According to research by Tungsten, the average SME is owed £40,857 in unpaid invoices, with £20,937 of that total amount being overdue. An amount which, according to the 1000 companies surveyed, places 1 in 5 of those businesses at risk of insolvency.
Even if it doesn’t put your business at risk of insolvency it certainly has an impact on your cash flow. A recent article in the Telegraph summed this up well, saying that ‘Late Payment doesn’t just affect cash flow, it affects a small firm’s appetite for investment and growth’
Not only does this have a detrimental effect on finances, but it also wastes time, as the average small business spends 130 hours per year chasing invoices.
So what can you do to minimise the risk in your small business? The answer is you need to get an effective credit control procedure in place.
Here are our tips for keeping on top of credit control and cash flow in your business.
- Do what you can do to avoid giving credit wherever possible. If it’s possible for you to charge up front, or at least get a deposit then do so. If you never give someone credit they are not going to pay you late.
- Invoice promptly. Send invoices straight away as any delay there is likely to cause a delay in payment.
- Clearly state your terms and conditions on the invoice.
- Also on the invoice clearly state your bank details and how you want the client to pay.
- Make it as easy as possible for your client to pay. Automating the process by setting up a direct debit can be very simple for both the client and you as a business owner. We use GoCardless to collect direct debit payments and we have found the service to be invaluable in terms of saving time spent chasing invoices for a nominal fee. You will also be alerted if any of your clients cancel their direct debit arrangement which can alert you to any potential problems early on in the process.
- Ensure that someone, either a person within your organisation, or an outsourced service partner has responsibility for credit control. This incumbent should not only have dedicated time set aside each week to devote to your credit control, but they should also understand the importance of this role to your business.
- Don’t automatically assume that you are the best person to take on the task of credit control for your business. Often there are advantages to delegating or outsourcing credit control to either a credit control agency or a Virtual Assistant, which can include:
- freeing up your time to concentrate on more profit making activities
- separating you from the process of chasing the client can be good as business owners can often feel embarrassed or awkward about chasing money (although you shouldn’t).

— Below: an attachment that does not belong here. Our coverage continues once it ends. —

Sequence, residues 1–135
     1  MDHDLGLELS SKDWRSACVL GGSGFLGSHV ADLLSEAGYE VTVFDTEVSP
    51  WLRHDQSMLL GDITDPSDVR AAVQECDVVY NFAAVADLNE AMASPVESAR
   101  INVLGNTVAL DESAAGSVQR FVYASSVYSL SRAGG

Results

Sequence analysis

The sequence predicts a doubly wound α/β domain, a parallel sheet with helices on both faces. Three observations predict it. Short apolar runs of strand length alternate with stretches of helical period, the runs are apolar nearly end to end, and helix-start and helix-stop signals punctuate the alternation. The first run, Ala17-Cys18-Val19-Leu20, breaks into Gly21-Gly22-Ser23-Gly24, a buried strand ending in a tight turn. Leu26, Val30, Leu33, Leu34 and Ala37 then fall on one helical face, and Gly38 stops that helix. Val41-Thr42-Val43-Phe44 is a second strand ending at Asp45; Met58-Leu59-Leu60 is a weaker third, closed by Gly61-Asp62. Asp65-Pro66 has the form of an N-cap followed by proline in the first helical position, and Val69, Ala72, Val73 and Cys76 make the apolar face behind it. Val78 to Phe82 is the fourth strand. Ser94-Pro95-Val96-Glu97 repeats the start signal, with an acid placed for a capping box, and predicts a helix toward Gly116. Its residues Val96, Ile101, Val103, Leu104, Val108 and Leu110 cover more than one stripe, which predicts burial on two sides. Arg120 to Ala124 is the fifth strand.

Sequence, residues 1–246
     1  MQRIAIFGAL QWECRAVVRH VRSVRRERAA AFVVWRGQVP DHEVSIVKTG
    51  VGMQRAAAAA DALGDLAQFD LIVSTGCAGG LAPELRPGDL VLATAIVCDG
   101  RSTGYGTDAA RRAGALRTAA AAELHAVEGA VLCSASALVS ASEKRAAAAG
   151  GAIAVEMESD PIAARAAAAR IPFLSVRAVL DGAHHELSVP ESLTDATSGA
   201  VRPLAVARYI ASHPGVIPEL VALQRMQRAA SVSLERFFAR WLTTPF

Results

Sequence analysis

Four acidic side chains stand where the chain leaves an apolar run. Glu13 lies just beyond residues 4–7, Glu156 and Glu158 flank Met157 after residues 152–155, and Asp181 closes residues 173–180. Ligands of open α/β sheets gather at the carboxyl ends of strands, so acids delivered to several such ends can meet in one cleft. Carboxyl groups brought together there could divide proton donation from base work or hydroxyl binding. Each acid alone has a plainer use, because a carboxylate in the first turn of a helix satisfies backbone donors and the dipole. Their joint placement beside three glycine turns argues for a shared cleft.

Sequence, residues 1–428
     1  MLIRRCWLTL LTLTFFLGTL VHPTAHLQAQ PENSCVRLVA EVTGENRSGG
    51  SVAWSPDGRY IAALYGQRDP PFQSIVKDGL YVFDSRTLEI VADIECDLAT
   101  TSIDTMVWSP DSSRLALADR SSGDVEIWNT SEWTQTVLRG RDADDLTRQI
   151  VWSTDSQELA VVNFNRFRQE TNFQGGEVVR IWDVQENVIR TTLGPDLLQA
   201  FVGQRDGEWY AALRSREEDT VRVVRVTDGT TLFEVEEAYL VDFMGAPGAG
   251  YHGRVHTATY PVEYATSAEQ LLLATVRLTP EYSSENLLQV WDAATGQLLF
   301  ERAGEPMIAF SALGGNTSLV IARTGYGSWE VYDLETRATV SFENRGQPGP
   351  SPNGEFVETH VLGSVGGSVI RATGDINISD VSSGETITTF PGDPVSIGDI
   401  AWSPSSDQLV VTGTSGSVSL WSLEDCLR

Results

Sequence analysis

- It makes sure that it does get done every week, as as the business owner you may find yourself pulled in other directions.
- Be systematic. It’s important that you have a clear credit control procedure in place that you follow to the letter. Following a system, and keeping a record of this has a number of benefits:
- You know exactly where you are in the process at any one time.
- The process usually works, preventing invoices becoming overdue is always the best way.
- In the worst case scenario, should you need to take this to a debt recovery company or take legal action you have shown that you have followed a legitimate process.
A procedure for a business with 30 day payment terms would be something like this:
- Day 1 send your invoice
- Day 14 make a courtesy call to check that invoice has been received and to confirm when payment is due.
- Day 28 make another call to remind your client when the invoice is due.
- Day 37 send a first gentle reminder that the invoice is overdue.
- Day 44 send a stronger reminder asking for the invoice to be paid within a particular time frame to avoid further costs being incurred.
- Day 51 send a final reminder letter giving 7 days to pay before legal action is taken.
We use Kashflow for our accounting software and this has sample letters within it which can be sent at the click of a button and also recording everything that has been sent.
- Throughout the process it’s important to maintain good relationships with your client. Not only will they be more inclined to pay promptly or even early in some cases if there is a good relationship, but it’s also important for future sales with this client, or anyone else they may recommend you to.
- Regularly review payment ledger. Make sure if someone has paid that you are not continuing to chase them in the interests of maintaining a strong relationship.
- Make sure your business maintains a good reputation for paying suppliers promptly, not only does this give you the higher moral standing, but word gets around in the small business community and you don’t want to be known as someone who is a late payer as this weakens your position when chasing late payments from others.
If you’re not already following the above steps if you do introduce them will have a dramatic improvement on the cash flow and financial health of your business, but should you have done all of the above and you are still owed money don’t hesitate to take legal action.
If you’ve found this article interesting please feel free to share with anyone else you think would benefit.